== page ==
Today’s Hindu editorial talks about “Towards a new normal: On Unlock 3”. We have picked difficult words from this editorial along with their meanings which will surely help the aspirants preparing for upcoming banking, government and insurance exams to enhance their vocabulary and other reading comprehension skills when it comes to the English section. We publish these vocabulary articles on a daily basis so that you get to enhance your vocabulary regularly. Make a list of these new words and keep learning and revising these on regular basis. Here is the vocabulary table below along with today’s complete Hindu editorial.
|Difficult Word/Phrase||Contextual Meaning|
|vulnerable||those that can be easily attacked|
|serology||study of blood|
|inconsistent||not staying the same in behaviour or quality|
|overworked||having to work too much|
|vigil||to be awake|
|inadequate||not good enough|
|asymptomatic||showing no symptoms of a particular disease|
|thrust||push strongly & suddenly|
|disaggregated||to separate into parts|
|micro-planning||planning at minute levels|
|proclivity||something you like to do which is considered morally wrong|
Towards a new normal: On Unlock 3
With a vaccine not yet in sight, easier, cheaper testing can help protect the vulnerable
The Centre has announced further relaxations in the lockdown that began on March 25 to combat (fight) the COVID-19 pandemic although the numbers are unrelenting (not dropping). The third phase will now take effect from August 5. At nearly 17 lakh, India stood third among countries with the highest number of cases; a third of these cases are currently active. With over 36,000 deaths, India’s case fatality (death) rate of 2.16% is relatively low. The possibility of wider prevalence indicated in serology (study of blood) surveys in Delhi and Mumbai suggests that the death rate could be even lower than current estimations. The disease spread has been uneven within the country. The responses of States and cities have also remained inconsistent (not staying the same in behaviour or quality). Along with the number of cases, overworked (having to work too much) health-care professionals experiencing fatigue (tiredness) and the public showing impatience with restrictions are also on the rise. This is not a pleasant mix of circumstances, and utmost vigil (to be awake) must continue. By now, it is also evident (easily understood) that complete lockdowns that disrupt economic activities cannot be sustained over long periods of time. Gyms and yoga centres, but not educational institutions, metro rail, and large gatherings, will be allowed in the next phase. Movement of people and goods across borders will be easier as per the Centre’s guidelines. Random restrictions on movement such as those in Tamil Nadu, where an e-pass is required for intra- and inter-State travel, must now be done away with.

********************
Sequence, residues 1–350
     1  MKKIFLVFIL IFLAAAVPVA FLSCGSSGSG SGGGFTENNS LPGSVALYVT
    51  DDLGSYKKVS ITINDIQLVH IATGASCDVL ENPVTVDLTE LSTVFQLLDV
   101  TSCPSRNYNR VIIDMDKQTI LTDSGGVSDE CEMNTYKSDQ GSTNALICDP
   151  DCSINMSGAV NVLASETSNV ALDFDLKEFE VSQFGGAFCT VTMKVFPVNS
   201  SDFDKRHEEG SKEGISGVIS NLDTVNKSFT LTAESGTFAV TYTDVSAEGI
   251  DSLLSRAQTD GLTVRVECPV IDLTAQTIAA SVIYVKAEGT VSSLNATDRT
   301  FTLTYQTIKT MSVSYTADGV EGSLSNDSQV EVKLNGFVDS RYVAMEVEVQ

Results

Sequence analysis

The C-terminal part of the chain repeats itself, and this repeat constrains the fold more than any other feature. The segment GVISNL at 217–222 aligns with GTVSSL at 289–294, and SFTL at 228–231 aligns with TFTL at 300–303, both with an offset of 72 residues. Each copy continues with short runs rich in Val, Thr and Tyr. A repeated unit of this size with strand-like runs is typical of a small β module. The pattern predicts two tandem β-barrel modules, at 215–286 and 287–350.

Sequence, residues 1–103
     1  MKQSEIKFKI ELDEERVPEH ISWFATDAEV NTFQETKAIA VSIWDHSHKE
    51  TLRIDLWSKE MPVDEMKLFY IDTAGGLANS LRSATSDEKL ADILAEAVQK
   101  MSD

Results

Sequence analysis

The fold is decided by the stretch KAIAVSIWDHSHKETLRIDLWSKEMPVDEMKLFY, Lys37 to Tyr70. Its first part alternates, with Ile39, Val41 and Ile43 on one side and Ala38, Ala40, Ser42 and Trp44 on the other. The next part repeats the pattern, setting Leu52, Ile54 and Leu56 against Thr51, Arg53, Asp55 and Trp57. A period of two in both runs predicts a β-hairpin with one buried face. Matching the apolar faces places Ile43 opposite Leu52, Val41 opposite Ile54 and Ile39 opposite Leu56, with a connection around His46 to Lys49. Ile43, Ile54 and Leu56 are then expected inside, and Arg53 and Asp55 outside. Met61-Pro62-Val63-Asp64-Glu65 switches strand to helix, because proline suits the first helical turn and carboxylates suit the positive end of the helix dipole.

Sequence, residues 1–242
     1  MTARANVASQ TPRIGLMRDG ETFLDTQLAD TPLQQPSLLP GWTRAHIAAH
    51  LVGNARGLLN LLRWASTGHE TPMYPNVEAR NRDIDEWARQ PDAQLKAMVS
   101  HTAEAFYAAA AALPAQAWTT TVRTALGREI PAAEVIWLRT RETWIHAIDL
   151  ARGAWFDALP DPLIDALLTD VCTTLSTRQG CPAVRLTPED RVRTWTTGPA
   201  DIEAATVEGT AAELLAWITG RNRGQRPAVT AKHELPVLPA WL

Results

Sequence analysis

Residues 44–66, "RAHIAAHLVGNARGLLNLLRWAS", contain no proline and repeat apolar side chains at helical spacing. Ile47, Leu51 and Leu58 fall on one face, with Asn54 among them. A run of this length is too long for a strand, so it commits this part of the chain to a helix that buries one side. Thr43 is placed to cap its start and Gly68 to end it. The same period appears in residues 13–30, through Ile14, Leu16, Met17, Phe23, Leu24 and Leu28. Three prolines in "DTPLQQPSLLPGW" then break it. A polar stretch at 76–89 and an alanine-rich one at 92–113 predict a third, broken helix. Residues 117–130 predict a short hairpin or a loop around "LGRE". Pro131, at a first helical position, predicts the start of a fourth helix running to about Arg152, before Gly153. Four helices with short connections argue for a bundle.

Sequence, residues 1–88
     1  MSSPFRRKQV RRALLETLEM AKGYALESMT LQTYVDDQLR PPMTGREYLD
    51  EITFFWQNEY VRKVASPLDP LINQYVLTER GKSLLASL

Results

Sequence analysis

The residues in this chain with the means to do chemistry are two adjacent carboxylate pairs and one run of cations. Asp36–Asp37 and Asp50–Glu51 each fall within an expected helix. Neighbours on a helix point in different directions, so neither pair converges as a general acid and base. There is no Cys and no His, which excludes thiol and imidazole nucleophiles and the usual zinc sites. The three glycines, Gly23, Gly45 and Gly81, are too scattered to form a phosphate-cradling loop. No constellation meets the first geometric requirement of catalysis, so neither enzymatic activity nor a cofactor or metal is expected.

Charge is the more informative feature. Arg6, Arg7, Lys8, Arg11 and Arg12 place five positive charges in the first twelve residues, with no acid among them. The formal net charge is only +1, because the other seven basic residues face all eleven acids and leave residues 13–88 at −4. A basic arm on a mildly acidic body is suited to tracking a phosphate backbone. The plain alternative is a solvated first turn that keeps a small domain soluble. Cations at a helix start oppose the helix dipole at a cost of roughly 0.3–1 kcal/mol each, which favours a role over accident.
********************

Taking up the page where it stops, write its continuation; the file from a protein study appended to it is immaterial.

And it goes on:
As a vaccine or a cure is not yet visible, it is time the focus on adaptation got sharper. Though many questions about COVID-19 remain, certain measures are evidently helpful in managing the pandemic better and bringing fatalities down. The coming phase of unlocking must prepare the country for complete opening. For that, first of all, testing should be unlocked and made available on demand as close to home as possible. For those infected to not step out of home is a far superior measure in preventing spread, compared to inadequate (not good enough) mask usage. With most cases turning out to be asymptomatic (showing no symptoms of a particular disease), wider and cheaper availability of testing must be a thrust (push strongly & suddenly) area for the government now. Easy, early diagnosis of infections, even when asymptomatic, will go a long way in containment. The concerns regarding increased dependence on rapid antigen tests in some places must be addressed. Second, real time epidemiological data should be unlocked. Just as weather data is freely available, and allows for cropping practice readjustments, disaggregated (to separate into parts) real time data enables micro-planning (planning at minute levels) and localised behavioural response. The proclivity (something you like to do which is considered morally wrong) shown by some States and cities to conceal (to hide) data has been self-defeating. Even official death counts do not match with the numbers available with other sources. There must be efforts to harvest accurate data, and with ease of availability. Normalcy, albeit a new one, could be reached faster with the right efforts.
Have you got some new words to learn and augment your vocabulary? Also, download the list of word-meaning of The Hindu Editorial Vocabulary Free PDFs of March, April & May 2020 and keep revising these words on a regular basis. Take a Free Mock Test of IBPS PO Prelims 2020.
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